Ekiti State Governor, Kayode Fayemi, said on Saturday any person convicted for sexual offences including rape in any part of the state would not enjoy his prerogative of mercy.
The governor, who made the declaration in Ado Ekiti while signing the Compulsory Treatment and Care for Child Victims of Sexual Violence Bill 2020 into law, directed the state Attorney-General and Commissioner for Justice, Wale Fapohunda, to henceforth oppose bail or plea bargaining for rapists in the state.
He also promised to mobilize other state governors to declare a state of emergency on rape.
Fayemi said rape often led to untimely deaths and emotional trauma, and was beyond what government of a particular state can conquer alone.
The governor added that he would use his position as the Chairman of the Nigeria Governors’ Forum to rally the support of his colleagues on the need to declare a state of emergency against the menace in their respective jurisdictions.
Fayemi said: “The Ministry of Justice is further directed to reaffirm state policy of opposing bail and rejecting plea bargain proposals from perpetrators of rape and child defilement.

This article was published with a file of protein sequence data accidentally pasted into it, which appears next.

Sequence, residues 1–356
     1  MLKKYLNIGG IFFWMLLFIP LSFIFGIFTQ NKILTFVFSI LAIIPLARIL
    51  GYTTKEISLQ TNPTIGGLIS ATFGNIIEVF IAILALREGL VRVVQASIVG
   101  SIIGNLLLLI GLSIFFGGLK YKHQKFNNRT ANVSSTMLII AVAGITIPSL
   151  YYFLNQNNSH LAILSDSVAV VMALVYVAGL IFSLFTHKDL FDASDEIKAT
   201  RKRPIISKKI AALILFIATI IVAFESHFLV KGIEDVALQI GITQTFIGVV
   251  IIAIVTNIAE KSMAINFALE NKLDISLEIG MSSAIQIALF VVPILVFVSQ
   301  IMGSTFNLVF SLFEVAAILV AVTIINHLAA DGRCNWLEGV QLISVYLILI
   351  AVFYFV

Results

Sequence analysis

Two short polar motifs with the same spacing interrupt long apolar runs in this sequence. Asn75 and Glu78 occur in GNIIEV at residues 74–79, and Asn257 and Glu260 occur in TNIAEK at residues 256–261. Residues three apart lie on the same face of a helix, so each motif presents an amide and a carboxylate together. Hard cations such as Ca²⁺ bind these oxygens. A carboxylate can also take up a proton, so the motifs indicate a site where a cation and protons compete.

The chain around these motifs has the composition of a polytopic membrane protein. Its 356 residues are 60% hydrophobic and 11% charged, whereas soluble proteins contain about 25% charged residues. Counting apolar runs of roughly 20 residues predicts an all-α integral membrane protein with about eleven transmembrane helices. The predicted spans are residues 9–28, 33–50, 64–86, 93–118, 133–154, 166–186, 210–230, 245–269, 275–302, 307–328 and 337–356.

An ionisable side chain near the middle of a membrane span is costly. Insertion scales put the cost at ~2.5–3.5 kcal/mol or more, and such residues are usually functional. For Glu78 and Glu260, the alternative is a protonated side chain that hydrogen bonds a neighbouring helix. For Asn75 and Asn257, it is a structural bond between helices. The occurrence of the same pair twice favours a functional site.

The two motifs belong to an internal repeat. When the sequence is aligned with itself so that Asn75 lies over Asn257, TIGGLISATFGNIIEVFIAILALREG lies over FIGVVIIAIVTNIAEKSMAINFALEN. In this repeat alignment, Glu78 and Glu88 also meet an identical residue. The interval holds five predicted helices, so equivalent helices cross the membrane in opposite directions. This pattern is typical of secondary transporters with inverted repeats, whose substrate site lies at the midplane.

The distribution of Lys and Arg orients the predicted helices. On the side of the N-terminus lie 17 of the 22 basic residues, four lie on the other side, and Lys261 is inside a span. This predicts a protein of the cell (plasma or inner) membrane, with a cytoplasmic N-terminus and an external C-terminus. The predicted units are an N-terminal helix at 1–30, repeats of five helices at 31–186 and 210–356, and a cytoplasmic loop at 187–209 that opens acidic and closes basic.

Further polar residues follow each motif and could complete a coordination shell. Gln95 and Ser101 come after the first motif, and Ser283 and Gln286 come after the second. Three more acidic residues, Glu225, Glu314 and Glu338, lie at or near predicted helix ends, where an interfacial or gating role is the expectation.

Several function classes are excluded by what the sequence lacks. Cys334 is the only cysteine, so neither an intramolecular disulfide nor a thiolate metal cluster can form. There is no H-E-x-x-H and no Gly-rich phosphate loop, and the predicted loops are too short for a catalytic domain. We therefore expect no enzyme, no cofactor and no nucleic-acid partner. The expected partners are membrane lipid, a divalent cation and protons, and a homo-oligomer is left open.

“The state government’s policy of ensuring that convicted sex offenders do not benefit from my prerogative of mercy also remain in force.
“The Ministry of Justice is already working on measures to clear the backlog of rape and child defilement cases stalled because of the closure of courts as a result of COVID-19 pandemic.
“We are determined to improve conviction rates and provide comprehensive and appropriate support services to ensure survivors of sexual offences are not subjected to further trauma.”
He disclosed that the ministry had been directed to review existing laws, with a view to proposing to the House of Assembly, necessary legislative changes to further ensure that rape and child defilement attract stiffer punishment in Ekiti.